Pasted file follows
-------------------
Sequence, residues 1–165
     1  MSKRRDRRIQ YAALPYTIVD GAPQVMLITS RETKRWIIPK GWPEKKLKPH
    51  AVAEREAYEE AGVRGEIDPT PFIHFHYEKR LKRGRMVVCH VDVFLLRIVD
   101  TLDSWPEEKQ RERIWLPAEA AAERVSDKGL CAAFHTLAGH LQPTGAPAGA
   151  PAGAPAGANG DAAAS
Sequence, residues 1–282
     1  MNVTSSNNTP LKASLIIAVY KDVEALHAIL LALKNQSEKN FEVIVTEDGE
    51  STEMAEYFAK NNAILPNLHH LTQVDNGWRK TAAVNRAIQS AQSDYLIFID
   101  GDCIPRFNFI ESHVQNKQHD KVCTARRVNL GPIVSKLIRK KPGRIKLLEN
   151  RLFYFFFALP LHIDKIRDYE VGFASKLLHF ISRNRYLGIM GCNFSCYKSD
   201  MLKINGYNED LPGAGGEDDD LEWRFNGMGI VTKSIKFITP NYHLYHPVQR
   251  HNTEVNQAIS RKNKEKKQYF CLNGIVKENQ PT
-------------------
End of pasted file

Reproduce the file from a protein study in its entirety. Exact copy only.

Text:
Sequence, residues 1–165
     1  MSKRRDRRIQ YAALPYTIVD GAPQVMLITS RETKRWIIPK GWPEKKLKPH
    51  AVAEREAYEE AGVRGEIDPT PFIHFHYEKR LKRGRMVVCH VDVFLLRIVD
   101  TLDSWPEEKQ RERIWLPAEA AAERVSDKGL CAAFHTLAGH LQPTGAPAGA
   151  PAGAPAGANG DAAAS
Sequence, residues 1–282
     1  MNVTSSNNTP LKASLIIAVY KDVEALHAIL LALKNQSEKN FEVIVTEDGE
    51  STEMAEYFAK NNAILPNLHH LTQVDNGWRK TAAVNRAIQS AQSDYLIFID
   101  GDCIPRFNFI ESHVQNKQHD KVCTARRVNL GPIVSKLIRK KPGRIKLLEN
   151  RLFYFFFALP LHIDKIRDYE VGFASKLLHF ISRNRYLGIM GCNFSCYKSD
   201  MLKINGYNED LPGAGGEDDD LEWRFNGMGI VTKSIKFITP NYHLYHPVQR
   251  HNTEVNQAIS RKNKEKKQYF CLNGIVKENQ PT